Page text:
Welcome to Strategery Corner today, campers. I’ve got three items worthy of your perusal.
The first one comes via the Chattanooga Times Free Press. It’s a look at Demarcus Dobbs’ move from defensive end in a 4-3 scheme to defensive end in a 3-4. The position name may not have changed, but the technique and responsibilities for the position sure have.
… As a Georgia defensive end last season in a 4-3 scheme, Dobbs played a 5-technique, which meant he lined up over the outside shoulder of an opposing offensive tackle. In the 3-4 scheme implemented by new defensive coordinator Todd Grantham, the 6-foot-2, 285-pounder is playing a 3-technique, lining up outside the offensive guard.
“It is definitely different,” Dobbs said. “In the 4-3, you are dealing with everything outside the tackle, but in the 3-4, you are dealing with the center and the guard and everything. It’s hard to get used to…”
Which is why it’s best to remind ourselves that at least early on, this Georgia defense will be a work in progress.
But by season’s end, it’ll be Jacket time. We all remember what two weeks’ prep time and a home game got Martinez’ defense in 2008: a whole lot of nothing in the second half. So here’s hoping that Grantham’s got his charges better prepared for the triple option.
Speaking of which, Shakin’ the Southland digs into whether grabbing some basic principles and concepts from Buddy Ryan’s 46 defense (and its heir, Arizona’s Desert Swarm) might prove effective against a Georgia Tech offense that doesn’t boast a competent passing game.
… Against most pro-style or spread-passing teams this is just a front for variety or in definite-run situations because its not so hot in pass coverage. However, this front takes away the Midline Option from Georgia Tech. In my copy of Paul Johnson‘s Ga Southern playbook, he specifically states (to the QB) to check out of the Midline play whenever the DTs are playing 2-techs; he still does it today. If you can stop the Dive as part of the OS/IS Veer option, and then take away the Midline, you force them to run the QB in the option around the perimeter. If the QB is unable to throw to take pressure off, you have forced them into their playcall of the veer. Then you tell the Ends/OLBs to knock his damn teeth in on every play.
Josh Nesbitt throws like my Junior High QB, and with Clemson’s DE talent, this should be doable, but the key is in the LB corps, one of our weaknesses…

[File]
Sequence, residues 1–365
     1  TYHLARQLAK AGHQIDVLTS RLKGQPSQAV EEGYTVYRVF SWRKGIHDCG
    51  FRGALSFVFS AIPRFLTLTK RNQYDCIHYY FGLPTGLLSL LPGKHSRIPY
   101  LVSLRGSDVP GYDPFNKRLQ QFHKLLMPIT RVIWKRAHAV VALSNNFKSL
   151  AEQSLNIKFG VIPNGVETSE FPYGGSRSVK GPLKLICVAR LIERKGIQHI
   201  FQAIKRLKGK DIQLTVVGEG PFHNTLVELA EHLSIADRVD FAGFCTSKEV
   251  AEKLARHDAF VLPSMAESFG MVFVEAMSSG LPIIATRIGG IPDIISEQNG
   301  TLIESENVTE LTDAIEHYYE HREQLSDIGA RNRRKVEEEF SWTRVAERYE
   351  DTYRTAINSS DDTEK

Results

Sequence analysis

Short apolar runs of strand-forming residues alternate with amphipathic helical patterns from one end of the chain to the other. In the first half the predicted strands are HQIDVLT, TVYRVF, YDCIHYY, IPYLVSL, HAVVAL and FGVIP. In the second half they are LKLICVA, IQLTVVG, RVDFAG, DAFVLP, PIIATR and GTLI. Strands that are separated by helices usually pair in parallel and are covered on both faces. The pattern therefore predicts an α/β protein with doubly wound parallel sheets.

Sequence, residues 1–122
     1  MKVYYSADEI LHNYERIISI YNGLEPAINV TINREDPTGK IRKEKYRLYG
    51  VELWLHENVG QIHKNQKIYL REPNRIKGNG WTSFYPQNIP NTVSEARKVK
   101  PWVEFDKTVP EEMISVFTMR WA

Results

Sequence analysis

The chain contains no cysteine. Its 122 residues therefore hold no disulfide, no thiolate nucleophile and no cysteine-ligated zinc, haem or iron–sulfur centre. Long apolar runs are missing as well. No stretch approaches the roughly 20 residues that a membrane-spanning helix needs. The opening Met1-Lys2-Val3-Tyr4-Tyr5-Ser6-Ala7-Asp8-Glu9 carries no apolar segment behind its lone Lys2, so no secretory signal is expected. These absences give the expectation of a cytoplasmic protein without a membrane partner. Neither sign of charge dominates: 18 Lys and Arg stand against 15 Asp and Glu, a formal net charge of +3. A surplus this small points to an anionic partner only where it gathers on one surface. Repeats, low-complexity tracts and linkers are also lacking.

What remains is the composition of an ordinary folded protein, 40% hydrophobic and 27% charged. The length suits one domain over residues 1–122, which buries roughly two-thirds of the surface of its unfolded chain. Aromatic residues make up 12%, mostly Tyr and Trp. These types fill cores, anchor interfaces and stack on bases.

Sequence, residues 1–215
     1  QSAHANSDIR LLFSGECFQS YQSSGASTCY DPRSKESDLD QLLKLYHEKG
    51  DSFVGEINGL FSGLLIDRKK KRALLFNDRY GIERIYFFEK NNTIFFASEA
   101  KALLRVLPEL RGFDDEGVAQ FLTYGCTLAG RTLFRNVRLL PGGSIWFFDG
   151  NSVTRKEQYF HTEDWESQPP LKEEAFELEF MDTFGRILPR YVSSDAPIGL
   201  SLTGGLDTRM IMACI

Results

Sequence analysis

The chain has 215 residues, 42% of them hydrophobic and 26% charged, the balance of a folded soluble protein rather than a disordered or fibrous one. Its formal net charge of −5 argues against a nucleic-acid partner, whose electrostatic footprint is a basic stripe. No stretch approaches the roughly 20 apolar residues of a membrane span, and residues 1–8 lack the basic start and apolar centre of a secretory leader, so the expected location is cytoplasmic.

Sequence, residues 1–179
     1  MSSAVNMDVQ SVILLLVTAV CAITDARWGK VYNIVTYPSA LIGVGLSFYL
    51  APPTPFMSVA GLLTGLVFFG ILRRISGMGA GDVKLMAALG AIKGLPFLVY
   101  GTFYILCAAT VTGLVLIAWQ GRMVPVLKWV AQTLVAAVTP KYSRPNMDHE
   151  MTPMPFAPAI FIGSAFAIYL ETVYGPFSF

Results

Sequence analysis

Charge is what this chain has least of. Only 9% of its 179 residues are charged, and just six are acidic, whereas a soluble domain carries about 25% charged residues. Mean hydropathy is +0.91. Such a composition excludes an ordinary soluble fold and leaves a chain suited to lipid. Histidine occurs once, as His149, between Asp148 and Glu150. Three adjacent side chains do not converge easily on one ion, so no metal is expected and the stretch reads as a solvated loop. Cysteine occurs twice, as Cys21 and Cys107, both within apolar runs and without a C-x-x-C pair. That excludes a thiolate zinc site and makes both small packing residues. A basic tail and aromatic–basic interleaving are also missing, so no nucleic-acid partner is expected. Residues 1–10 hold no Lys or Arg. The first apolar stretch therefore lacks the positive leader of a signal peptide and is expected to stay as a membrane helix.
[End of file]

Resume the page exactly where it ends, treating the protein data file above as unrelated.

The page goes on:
The catch, of course, is one that every Dawg fan is painfully aware of.
… As with everything in life, there is give and take with this adjustment. You are declaring to the offense that you will not allow them the Dive, and in this case the Midline as well (since it works off the Dive primarily). The Bear front will, by design, place more pressure on your perimeter defensive players. Because you are making it a point to take away play calls inside the formation, your linebackers and secondary players must be able to play good fundamental football, particularly on the edges of the formation. You also must have a quick, agile DE who can provide some help for the secondary/linebackers who are filling gaps they would not fill with other defensive fronts. Thus, the ability of an outside linebacker or safety to provide support on perimeter running becomes extremely important because offenses know how important, if trying to get outside, it is to get an effective seal on the outside free DL.
And that’s all I’m gonna say about that.
Part the third comes from – where else? – Chris Brown, who respectfully riffs off of Stewart Mandel/Andy Staples’ “whither college football?” post earlier this week by looking at how the spread evolved to counter Ryan’s eight-man defensive front principles (pretty nifty how this has all circled around, hunh?) to speculate where offenses and defenses might be headed in the next decade. I found this bit about countering zone blitzes fascinating (and make sure you catch brophy’s observations in the comments that follow):
… The other narrative — one slightly more complicated in the back and forth between O and D, in that the give and take continues today — deals with the increased use of the zone blitz and the offense’s manifold responses. The spread run game evolved for many reasons. One was to deal with the problem the eight-man fronts present, i.e. the numerical issue presented by an extra guy in the box (solved by making the quarterback a legitimate run threat), but another reason it developed was to counteract defensive fronts with linemen dropping into coverage and linebackers trying to fill inside gaps immediately. The term “zone read” is useful because both halves are key to the its success: the “read” obviously gives the offense flexibility, but so does the zone part of the play, which allows linemen to area block and pick up obscure and unpredictable stunts and movement.
Whether or not being “spread” helps against zone blitzes is an ambiguous question due to the vagaries of six-man protection schemes, but the spread is undoubtedly the best offense ever devised if your goal is to run a lot of screens. A multiple spread offense gives a coach more options for constraint plays than any set previously designed: bubble screens, rocket screens, jailbreak screens, slow screens, middle screens, shovel screens, and so on. And remember, screens are the one thing almost every coach recommends against zone blitzes and they are also the one pass that any quarterback at any level can complete, no matter the protection, blitz scheme, or coverage — an important thing when your gameplan involves trying to get the ball to your playmakers.
Chris finishes up by saying he really doesn’t know where things are headed, other than to see what Nick Saban and Saban’s protegés do – for the next few weeks, anyway. LOL. At least we’ve got a front row seat in Athens to watch one of those guys.